Predicting intentions to consume functional foods and supplements to offset memory loss using an adaptation of protection motivation theory

D.N. Cox, A. Koster, C.G. Russell

Research output: Contribution to journalArticleAcademicpeer-review

136 Citations (Scopus)

Abstract

The widespread use of dietary supplements and so-called `functional foods¿ is thought to be partially motivated by self-control of health. However, whilst consumers want foods associated with well-being or disease prevention, they are unlikely to be willing to compromise on taste or technology. This presents a dilemma for promoters of functional foods. Middle-aged consumers' intentions to consume functional foods or supplements that may improve memory were tested within an adaptation of Protection Motivation theory (PMT). Participants evaluated text descriptions of four products described as: having an unpleasant bitter taste (Natural-FF); having `additives¿ to reduce bitterness (Sweetened-FF); being genetically modified to enhance function (GM-FF) and Supplements. Participants were recruited as being of high and low perceived vulnerability to memory failure. In total, 290 middle-aged consumers (aged 40¿60 years) participated in the study. Motivations to consume the GM-FF were the lowest. There were gender differences between intention to consume the supplements, Natural-FF and Sweetened-FF and product differences within genders. Women were less favourable than men in their attitudes towards genetic modification in general. Regression analyses indicated that PM predictors of intention to consume functional foods or supplements explained 59¿63% of the variance (R2). Overall, perceived `efficacy¿ (of the behaviour) and self-efficacy were the most important predictors of intentions to consume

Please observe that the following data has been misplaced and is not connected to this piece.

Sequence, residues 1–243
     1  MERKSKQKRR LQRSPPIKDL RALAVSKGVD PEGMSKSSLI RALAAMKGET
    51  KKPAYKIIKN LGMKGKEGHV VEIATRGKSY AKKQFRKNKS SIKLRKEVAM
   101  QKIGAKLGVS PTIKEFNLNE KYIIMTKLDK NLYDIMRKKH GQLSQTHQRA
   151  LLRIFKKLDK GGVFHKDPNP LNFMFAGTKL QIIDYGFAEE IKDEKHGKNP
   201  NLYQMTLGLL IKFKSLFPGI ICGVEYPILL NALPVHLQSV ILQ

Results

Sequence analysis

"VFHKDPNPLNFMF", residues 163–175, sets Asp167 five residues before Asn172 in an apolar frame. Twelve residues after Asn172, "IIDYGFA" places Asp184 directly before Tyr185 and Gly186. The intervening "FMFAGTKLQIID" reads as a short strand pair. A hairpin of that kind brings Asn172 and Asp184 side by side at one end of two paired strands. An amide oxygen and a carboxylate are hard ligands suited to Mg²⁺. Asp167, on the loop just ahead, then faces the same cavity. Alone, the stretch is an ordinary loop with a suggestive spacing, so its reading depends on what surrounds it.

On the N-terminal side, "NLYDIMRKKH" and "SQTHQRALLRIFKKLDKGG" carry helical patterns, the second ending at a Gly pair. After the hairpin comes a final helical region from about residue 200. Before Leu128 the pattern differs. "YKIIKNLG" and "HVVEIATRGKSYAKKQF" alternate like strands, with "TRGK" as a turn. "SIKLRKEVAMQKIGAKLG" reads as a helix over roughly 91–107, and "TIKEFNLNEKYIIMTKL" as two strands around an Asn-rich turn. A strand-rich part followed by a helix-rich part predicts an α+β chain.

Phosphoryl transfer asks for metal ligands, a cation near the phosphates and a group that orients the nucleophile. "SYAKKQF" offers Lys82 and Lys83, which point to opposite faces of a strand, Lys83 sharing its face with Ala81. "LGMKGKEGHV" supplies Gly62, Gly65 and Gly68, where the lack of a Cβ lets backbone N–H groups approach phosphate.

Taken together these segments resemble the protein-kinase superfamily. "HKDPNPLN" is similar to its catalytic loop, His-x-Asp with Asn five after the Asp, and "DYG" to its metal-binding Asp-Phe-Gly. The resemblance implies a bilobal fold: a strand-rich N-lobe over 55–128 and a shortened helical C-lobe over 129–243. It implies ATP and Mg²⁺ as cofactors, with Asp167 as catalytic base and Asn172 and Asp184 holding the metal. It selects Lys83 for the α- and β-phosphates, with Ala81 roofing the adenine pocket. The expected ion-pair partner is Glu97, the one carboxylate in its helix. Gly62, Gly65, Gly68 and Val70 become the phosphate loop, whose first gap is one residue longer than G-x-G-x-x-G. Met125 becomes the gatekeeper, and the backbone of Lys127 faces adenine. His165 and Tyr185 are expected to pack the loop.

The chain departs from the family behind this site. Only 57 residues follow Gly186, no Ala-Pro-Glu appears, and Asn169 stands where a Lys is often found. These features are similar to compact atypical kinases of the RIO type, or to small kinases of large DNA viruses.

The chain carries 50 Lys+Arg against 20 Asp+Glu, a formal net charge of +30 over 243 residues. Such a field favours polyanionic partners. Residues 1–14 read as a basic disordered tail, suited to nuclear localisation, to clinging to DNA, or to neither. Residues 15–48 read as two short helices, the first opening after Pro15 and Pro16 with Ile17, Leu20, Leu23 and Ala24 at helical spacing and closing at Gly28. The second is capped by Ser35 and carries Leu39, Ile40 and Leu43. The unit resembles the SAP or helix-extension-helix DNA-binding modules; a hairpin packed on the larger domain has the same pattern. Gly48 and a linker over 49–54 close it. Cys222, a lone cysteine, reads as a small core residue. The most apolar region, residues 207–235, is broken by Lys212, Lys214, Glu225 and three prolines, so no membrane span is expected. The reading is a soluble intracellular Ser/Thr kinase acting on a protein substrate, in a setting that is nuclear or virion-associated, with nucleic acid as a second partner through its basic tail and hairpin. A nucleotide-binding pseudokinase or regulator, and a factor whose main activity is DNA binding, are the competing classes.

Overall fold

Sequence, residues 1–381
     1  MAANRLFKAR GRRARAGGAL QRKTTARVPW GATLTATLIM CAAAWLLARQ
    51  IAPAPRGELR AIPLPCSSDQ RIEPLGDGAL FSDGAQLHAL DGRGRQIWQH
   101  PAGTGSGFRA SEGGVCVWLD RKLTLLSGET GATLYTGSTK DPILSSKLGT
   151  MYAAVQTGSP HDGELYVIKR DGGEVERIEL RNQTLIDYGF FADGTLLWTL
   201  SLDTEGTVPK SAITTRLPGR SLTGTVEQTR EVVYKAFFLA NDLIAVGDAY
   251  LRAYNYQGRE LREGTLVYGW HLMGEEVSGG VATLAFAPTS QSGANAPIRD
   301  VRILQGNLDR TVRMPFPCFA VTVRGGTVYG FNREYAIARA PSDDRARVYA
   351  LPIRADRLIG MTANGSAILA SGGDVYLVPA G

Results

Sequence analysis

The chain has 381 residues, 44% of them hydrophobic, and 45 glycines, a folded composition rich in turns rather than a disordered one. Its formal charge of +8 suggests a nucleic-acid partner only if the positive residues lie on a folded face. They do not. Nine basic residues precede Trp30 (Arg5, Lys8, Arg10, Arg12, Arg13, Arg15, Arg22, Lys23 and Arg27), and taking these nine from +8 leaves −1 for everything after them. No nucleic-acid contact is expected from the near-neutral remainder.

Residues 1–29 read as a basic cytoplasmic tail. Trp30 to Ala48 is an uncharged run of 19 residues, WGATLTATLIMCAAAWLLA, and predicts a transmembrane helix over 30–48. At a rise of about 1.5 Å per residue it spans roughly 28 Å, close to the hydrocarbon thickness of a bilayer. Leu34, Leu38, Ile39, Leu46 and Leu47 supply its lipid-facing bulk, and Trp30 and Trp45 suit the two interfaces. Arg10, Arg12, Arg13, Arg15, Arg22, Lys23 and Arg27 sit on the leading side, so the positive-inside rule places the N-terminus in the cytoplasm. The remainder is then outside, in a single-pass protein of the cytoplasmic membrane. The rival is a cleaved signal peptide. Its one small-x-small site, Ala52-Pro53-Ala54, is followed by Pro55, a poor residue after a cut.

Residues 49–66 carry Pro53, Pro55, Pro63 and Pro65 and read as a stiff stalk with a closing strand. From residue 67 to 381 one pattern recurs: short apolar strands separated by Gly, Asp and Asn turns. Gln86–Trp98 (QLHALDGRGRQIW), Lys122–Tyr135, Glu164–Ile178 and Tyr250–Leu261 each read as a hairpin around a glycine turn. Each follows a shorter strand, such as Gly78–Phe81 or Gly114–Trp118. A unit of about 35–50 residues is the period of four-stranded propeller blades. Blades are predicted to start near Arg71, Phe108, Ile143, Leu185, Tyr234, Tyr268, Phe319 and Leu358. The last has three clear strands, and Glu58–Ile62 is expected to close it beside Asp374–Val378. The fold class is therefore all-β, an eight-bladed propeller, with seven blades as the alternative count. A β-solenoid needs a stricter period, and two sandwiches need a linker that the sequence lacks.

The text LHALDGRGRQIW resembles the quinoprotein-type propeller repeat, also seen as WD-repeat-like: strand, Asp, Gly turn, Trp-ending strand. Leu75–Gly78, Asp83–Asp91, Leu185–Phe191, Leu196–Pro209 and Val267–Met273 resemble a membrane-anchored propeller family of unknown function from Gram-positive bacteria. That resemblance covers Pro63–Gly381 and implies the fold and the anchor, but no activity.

Original languageEnglish
Pages (from-to)55-64
JournalAppetite
Volume43
Issue number1
DOIs
Publication statusPublished - 2004

Keywords

  • taste
  • perceptions
  • behaviors
  • products
  • quality
  • midlife
  • women

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